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Possible Duplicate:
Static class variables in Python
What is the Python equivalent of static variables inside a function?

How can I use static fields in Python ?

for example i want to count how many times the function has been called - how can i do this ?

marked as duplicate by Tadeck, dmeister, nikow, George Stocker, jfs Nov 14 '11 at 2:36

This question has been asked before and already has an answer. If those answers do not fully address your question, please ask a new question.

  • agree: duplicate – gecco Nov 13 '11 at 13:30
  • @PaulManta: I disagree. Your link is not related to class static fields (as OP says), but to " the static member at the function level, as opposed to the class level ", as stated by OP within the question you gave use link to. – Tadeck Nov 13 '11 at 14:11
  • 2
    @Tadeck The word 'class' doesn't even appear in the question... But the phrase 'static member of a function' does. – Paul Manta Nov 13 '11 at 16:49
  • @PaulManta: Please read the question you linked to again - there are both words: " class " and " function ". In the current question (this question) there is a reference to " static fields ". Because of that, and because I have never heard of " static fields " in reference to static variables within function, but I have heard of " static fields " in reference to static member variables of a class, I assumed the current question is about static member variables of a class. Unless you will prove otherwise, I suppose the upvotes of my first comment mean some support in this matter. – Tadeck Nov 13 '11 at 17:47
  • @Tadeck Regarding votes: Good for you, here are two internet credits. Seriously, what's the argument about? The example is clear, he wants to know how to count how many times a function was called. In lack of a better term he used the rather incorrect 'static fields', but his intention is still clear from the example and title. Where's the problem? – Paul Manta Nov 13 '11 at 21:01
4

If you wish to count how many times a method has been called, no matter which instance called it, you could use a class member like this:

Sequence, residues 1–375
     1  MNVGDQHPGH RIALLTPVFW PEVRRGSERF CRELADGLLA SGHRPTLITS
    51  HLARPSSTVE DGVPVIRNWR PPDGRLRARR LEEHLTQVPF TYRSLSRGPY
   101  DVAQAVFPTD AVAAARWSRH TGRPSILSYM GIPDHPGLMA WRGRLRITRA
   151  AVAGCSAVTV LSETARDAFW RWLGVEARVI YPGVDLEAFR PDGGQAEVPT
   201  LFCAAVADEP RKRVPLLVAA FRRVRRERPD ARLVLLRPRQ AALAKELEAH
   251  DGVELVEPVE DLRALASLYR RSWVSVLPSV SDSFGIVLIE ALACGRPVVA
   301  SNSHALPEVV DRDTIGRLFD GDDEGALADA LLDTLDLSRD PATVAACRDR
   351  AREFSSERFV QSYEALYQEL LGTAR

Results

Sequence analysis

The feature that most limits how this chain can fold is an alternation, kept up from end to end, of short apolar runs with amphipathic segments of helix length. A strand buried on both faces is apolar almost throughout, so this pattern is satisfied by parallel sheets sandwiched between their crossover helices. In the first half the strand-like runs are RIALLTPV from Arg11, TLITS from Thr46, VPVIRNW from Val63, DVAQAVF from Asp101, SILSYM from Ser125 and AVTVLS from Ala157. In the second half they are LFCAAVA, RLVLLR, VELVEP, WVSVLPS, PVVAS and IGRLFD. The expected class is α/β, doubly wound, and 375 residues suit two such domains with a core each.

class Foo(object):
    calls=0            # <--- call is a class member
    def baz(self):
        Foo.calls+=1

foo=Foo()
bar=Foo()
for i in range(100): 
    foo.baz()
    bar.baz()
print('Foo.baz was called {n} times'.format(n=foo.calls))
# Foo.baz was called 200 times

When you define calls this way:

class Foo(object):
    calls=0            

Python places the key-value pair ('calls', 0) in Foo.__dict__.

It can be accessed with Foo.calls. Instances of Foo, such as foo=Foo(), can access it with foo.calls as well.

To assign new values to Foo.calls you must use Foo.calls = .... Instances can not use foo.calls = ... because that causes Python to place a new and different key-value pair in foo.__dict__, where instance members are kept.

3

Here is some example counting the number of calls of all objects of the same class:

class Swallow():
    i = 0 # will be used for counting calls of fly()
    def fly(self):
        Swallow.i += 1

And this is the proof:

>>> a = Swallow()
>>> b = Swallow()
>>> a.fly()
>>> a.i
1
>>> Swallow.i
1
>>> b.fly()
>>> b.i
2
>>> Swallow.i
2

so you can read it by giving the object name or class name.

3

Here's a decorator adding counting to a function.

import functools

def count_calls(func):
    @functools.wraps(func)
    def decor(*args, **kwargs):
        decor.count += 1
        return func(*args, **kwargs)
    decor.count = 0
    return decor

Usage:

>>> @count_calls
... def foo():
...     pass
...
>>> foo.count
0
>>> foo()
>>> foo.count
1
  • the decorator might be better called count_calls – jfs Nov 14 '11 at 2:33
  • agreed, I've changed it – yak Nov 14 '11 at 4:17
  • It's quite the most complicated way of doing it, isn't it ? – Patryk Nov 14 '11 at 13:04
  • @Patryk: Not at all; defining a decorator means you can count calls on any number of functions by adding a single line prefixing the function definition. Using the class attribute to count calls to a method doesn't generalize like that (it could, but it would end up equivalent to the decorator solution, more verbose, and likely somewhat slower). – ShadowRanger Apr 19 '17 at 0:21
1

Here's one simplistic way to do it:

def func():
    if not hasattr(func, 'counter'):
        func.counter = 0
    func.counter += 1
    counter = 0 # Not the same as `func.counter`
    print(func.counter)

Or if you don't like the if being executed on every call, you can do:

def func():
    func.counter += 1
    print(func.counter)
func.counter = 0

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